f a i t h * i n * f i c t i o n: Day 5: Chatting with Ann Tatlock

f a i t h * i n * f i c t i o n

Friday, February 06, 2004

Day 5: Chatting with Ann Tatlock

Ann Tatlock is the author of four novels: A Room of My Own, A Place Called Morning, All the Way Home, and I’ll Watch the Moon. All the Way Home won the 2003 Christy Award for Contemporary Fiction and 2002 Midwest Book Award for Fiction. A former editor for Decision magazine, she lives in Minneapolis, Minnesota, with her husband and daughter.

(Ann’s interview will run in two parts, Part I today and Part II on Monday.)

FiF: If I say "Christian fiction," what is your gut response?
AT: My gut response is to cringe slightly and to ask another question: “Why is there any such thing?” By that I don’t mean, “Why are writers who are Christians producing fiction?;” rather, “Why is our fiction categorized as such?” Why is it not simply Fiction, a part of that vast literary conversation that includes the voices of atheists, agnostics, deists, Buddhists, Muslims, Toaists, New Agers, ad infinitum? Why is the Christian voice, at least in the last three decades, so much excluded—not entirely but to a vast degree--from the general exchange of ideas in the conversation known as literature?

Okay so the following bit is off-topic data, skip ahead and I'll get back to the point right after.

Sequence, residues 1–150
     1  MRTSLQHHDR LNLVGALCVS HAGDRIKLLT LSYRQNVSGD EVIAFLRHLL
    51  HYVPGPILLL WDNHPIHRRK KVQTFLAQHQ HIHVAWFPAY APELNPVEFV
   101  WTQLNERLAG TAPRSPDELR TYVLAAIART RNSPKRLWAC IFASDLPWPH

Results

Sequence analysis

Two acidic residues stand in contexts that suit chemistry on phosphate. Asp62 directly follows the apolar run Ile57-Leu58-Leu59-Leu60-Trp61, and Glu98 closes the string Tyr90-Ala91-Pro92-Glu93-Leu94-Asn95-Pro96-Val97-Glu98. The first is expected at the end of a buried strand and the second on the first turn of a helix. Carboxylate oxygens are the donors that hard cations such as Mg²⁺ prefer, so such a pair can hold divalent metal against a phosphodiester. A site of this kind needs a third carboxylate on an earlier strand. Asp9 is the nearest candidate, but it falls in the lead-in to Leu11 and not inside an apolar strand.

Well, that wasn’t simply one question, but you get the idea. The thing is, there was a time when “Christian” novels were published in the mainstream. Think about writers like C.S. Lewis, J.R.R. Tolkien, Flannery O’Connor, Graham Greene, Dorothy Sayers--decidedly Christian, yet published by secular houses. There were no Christian houses when they were putting out their fiction, of course--yet the fact remains that the Christian voice was still an acceptable part of the debate. So what happened? Were we shut out? Did we leave by choice?

I suppose to find answers you’d have to consider the historical reasons behind all of this—the 18th century Enlightenment, the rise of Darwinism, secularism, existentialism and all those other isms that led to the death of God and the general turning away from religion in mass droves in the 1960s. Even if I were as well versed in all this history as I should be, I wouldn’t have time to go into all that here.